(1) the claim arising out of, or resulting from, a tax assessed, service supplied, work done, or improvement authorized and undertaken, by a municipality, although the amount thereof be not at the time definitely ascertained by the authority authorized to determine the same, and a lien therefor be not filed, but becomes filable within the period and in the manner herein provided,
(2) the claim filed to recover for the grading, guttering, macadamizing, or otherwise improving, the cartways of any public highway; for grading, curbing, recurbing, paving, repaving, constructing, or repairing the footways thereof; for laying water pipes, gas pipes, culverts, sewers, branch sewers, or sewer connections therein; for assessments for benefits in the opening, widening or vacation thereof; or in the changing of water-courses or the construction of sewers through private lands; or in highways of townships of the first class; or in the acquisition of sewers and drains constructed and owned by individuals or corporations, and of rights in and to use the same; for the removal of nuisances; or for water rates, lighting rates, or sewer rates, and
(3) the claim filed to recover for work, material, and services rendered or furnished in the construction, improvement, maintenance, and operation
[ 115 Pa. Commw. Page 525]
of a project or projects of a body politic or corporate created as a Municipal Authority pursuant to law.
It is the first clause in the definition that is troublesome. Bethel Park argues that since its claim arises out of "a tax assessed" by a municipality, the definition of municipal claim is satisfied. The language of the Superior Court of Pennsylvania in Chartiers Valley School District v. Virginia Mansions Apartments, Inc., 340 Pa. Superior Ct. 285, 489 A.2d 1381 (1985), is strongly supportive of Bethel Park's argument. In that case, the Superior Court sustained preliminary objections to a complaint in equity filed by several taxing districts and dismissed the complaint on the ground that the taxing authorities had statutory remedies available to prevent the harm they perceived as occurring if equity did not intervene. In the course of that opinion, the Court stated that the definition of municipal claim as set forth in the Act does not limit the kinds of taxes included within the term "tax assessed," and thus "real estate and transit taxes," as examples, would be municipal claims. While we need not decide whether real estate taxes are municipal claims we do respectfully differ with our brothers and sister on the Superior Court when they suggest that all taxes imposed by a municipality are also municipal claims.*fn3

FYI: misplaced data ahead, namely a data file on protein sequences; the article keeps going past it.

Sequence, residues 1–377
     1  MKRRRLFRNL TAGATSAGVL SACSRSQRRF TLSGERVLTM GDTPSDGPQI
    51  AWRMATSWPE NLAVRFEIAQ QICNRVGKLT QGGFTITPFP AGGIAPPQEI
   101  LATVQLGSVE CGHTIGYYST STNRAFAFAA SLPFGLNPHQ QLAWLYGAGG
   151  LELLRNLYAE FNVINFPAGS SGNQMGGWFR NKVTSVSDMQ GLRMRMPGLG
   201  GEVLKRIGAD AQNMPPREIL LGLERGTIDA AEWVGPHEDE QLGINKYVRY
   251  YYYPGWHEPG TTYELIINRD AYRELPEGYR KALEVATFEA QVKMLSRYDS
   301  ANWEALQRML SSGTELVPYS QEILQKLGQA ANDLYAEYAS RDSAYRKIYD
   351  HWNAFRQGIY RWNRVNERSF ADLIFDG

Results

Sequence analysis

In any event, the taxes in Chartiers were real estate taxes. In the case sub judice we are dealing with taxes which were not imposed or assessed against real estate belonging to the Furricks. Indeed, until a judgment was obtained, the real estate belonging to the Furricks was unaffected by the unpaid earned income and net
[ 115 Pa. Commw. Page 526]
profits taxes. We think the language in Section 4 of the Act, 53 P.S. § 7107, is a clear indication of statutory intent that the "taxes" mentioned in the definition of municipal claim are limited to those assessed or imposed against real estate. Section 4 states in pertinent part that "[t]he lien for taxes shall exist in favor of, and the claim therefor may be filed against the property taxed by, any municipality to which the tax is payable." (Emphasis added.)
Section 3 of the Act giving priority to municipal claims limits that priority to municipal claims which "may hereafter be lawfully imposed or assessed on any property " (emphasis added) in the Commonwealth. Section 10 of the Act 53 P.S. § 7144, sets forth the requirements to file a "claim". It is there stated that the municipality must set forth a description of the property against which the claim is filed. Finally, Section 11 of the Act, 53 P.S. § 7145, states that "[t]he property described in tax claims shall include the whole property against which the tax is levied." Again we emphasize that the tax imposed by Bethel Park was not against Furricks' property.
For the above reasons we are constrained to hold that the judgment obtained by Bethel Park by reason of the non-payment of earned income and net profits taxes is not a municipal claim entitled to priority payment from the proceeds of a judicial sale. The order of the trial court, accordingly, is affirmed.
The order of the Court of Common Pleas of Allegheny County in the above-captioned matter is hereby affirmed.